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Paul Cezanne: Fulfillment

In the final period, the twenty years from 1886 until his death, Cezanne pushed toward a conclusion, generally in the direction of increased abstraction. In the last decade of his life, Cezanne began to be well known. By 1900, except in the usual backwater of academic intelligence, his power and the importance
of his revolution were recognized beyond the specialized circle of a very few dealers, painters, and critics. In 1895 the dealer Ambroise Vollard exhibited a large number of Cezanne's paintings, reintroducing him to Paris after a lapse of nearly twenty years. Vollard was only thirty years old at this time and had opened his firm only two years before. Not very certain of his own taste, he wisely accepted advise from good sources, especially from Pissarro and Degas. Pissarro, always Cezanne's good angel, brought him to Vollard's attention. It was the beginning of Vollard's career as a dealer in avant-garde painting, and Cezanne painted his portrait in 1899. The public was appalled by the 1895 exhibition, the conservative painters and critics were outraged, but Cezanne was immediately established as a master in the minds of the former impressionists and among the canny collectors who were beginning to gather around adventurous dealers. It did not take long for the baying of the academic hounds to recede into the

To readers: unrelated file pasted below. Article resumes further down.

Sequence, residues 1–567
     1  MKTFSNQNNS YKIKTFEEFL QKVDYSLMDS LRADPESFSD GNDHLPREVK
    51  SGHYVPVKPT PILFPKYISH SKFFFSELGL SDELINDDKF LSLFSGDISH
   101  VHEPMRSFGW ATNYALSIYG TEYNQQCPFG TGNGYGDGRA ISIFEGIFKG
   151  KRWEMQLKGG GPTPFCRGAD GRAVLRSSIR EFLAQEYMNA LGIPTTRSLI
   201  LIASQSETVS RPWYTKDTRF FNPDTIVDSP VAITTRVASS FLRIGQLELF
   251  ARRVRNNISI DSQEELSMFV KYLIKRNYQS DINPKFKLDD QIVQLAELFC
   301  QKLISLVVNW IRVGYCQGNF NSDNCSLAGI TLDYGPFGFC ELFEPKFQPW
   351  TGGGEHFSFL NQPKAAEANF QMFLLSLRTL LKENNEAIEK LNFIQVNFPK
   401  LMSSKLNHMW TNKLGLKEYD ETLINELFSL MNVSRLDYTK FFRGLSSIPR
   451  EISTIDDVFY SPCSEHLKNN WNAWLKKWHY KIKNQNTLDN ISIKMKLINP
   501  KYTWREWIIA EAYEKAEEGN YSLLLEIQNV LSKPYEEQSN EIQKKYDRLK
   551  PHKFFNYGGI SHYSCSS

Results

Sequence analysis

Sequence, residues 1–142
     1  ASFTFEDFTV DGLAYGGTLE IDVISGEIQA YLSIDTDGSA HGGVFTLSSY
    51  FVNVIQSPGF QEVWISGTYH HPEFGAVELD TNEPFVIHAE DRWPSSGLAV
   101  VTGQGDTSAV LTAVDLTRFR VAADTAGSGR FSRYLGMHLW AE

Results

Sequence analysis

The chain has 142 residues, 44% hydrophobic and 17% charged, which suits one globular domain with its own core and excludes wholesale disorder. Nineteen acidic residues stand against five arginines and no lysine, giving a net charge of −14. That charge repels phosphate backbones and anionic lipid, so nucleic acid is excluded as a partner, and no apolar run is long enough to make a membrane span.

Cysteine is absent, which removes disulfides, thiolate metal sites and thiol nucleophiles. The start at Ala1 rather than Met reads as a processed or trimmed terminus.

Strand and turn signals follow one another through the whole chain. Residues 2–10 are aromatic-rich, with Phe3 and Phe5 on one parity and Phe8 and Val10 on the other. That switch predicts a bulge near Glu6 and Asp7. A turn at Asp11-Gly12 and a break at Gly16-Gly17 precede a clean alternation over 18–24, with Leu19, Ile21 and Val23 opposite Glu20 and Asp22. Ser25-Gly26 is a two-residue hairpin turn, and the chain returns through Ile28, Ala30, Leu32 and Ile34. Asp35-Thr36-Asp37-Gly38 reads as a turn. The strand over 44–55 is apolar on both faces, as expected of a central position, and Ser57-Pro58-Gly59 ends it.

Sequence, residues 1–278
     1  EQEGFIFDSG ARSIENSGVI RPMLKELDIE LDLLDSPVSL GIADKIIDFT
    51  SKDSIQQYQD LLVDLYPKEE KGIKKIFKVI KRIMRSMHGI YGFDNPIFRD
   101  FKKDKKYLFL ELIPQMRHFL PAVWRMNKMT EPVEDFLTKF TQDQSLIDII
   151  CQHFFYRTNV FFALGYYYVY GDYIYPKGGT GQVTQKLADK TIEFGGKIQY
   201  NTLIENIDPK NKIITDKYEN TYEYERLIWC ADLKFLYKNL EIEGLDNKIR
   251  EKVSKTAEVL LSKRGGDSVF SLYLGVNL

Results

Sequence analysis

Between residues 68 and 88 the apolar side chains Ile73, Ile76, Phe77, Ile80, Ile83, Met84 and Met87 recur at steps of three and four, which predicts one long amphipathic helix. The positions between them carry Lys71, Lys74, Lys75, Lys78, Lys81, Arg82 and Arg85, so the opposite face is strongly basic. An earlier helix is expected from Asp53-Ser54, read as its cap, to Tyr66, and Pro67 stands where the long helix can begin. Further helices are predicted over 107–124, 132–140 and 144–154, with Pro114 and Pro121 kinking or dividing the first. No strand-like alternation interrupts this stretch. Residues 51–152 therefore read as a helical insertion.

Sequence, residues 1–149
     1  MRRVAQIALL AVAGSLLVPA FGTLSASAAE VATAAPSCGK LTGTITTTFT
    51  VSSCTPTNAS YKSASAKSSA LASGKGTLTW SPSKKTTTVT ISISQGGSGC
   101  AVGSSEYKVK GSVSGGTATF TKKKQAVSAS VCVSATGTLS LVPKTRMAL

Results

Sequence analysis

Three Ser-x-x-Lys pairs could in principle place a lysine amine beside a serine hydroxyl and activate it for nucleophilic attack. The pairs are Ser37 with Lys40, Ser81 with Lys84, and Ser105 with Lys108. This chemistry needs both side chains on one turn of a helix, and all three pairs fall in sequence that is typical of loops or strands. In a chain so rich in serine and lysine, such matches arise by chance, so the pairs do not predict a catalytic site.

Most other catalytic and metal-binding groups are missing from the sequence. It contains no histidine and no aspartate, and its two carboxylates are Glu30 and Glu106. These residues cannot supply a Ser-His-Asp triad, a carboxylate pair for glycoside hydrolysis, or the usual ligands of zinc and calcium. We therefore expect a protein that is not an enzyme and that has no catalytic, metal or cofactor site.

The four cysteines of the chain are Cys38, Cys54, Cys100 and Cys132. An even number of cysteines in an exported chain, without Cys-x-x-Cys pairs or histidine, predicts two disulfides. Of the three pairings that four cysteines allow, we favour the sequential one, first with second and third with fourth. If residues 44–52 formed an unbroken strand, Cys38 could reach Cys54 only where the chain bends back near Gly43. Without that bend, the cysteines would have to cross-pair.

distance as a meaningless racket. Within a few years, independent critics had become at least as influential as official ones, and exhibitions held by independent dealers were even more influential than the official Salon as arbiters of taste - finally to the point of abusing their prestige, in some cases, as badly as the Salon had ever done. And the Salon, considerably chastened, liberalized its standards to meet the competition of the more exciting exhibits that had grown up all around it.

Cezanne died in 1906, at sixty-seven, after a collapse brought on by exposure when he was caught in a sudden storm while painting out of doors. In the autumn Salon of 1907 he was given a large retrospective. As a summary of a painter's development, a retrospective exhibition is associated with the idea of a winding up, a completion, a capping-off, a termination. In Cezanne's case it is impossible to make this association. His retrospective was not the terminal point of a career so much as it was a summery of a new concept of form in painting that had been brought, in the art of one man, from its genesis in impressionism to a point of departure for the generations of a new century.

Painting, Cezanne, year

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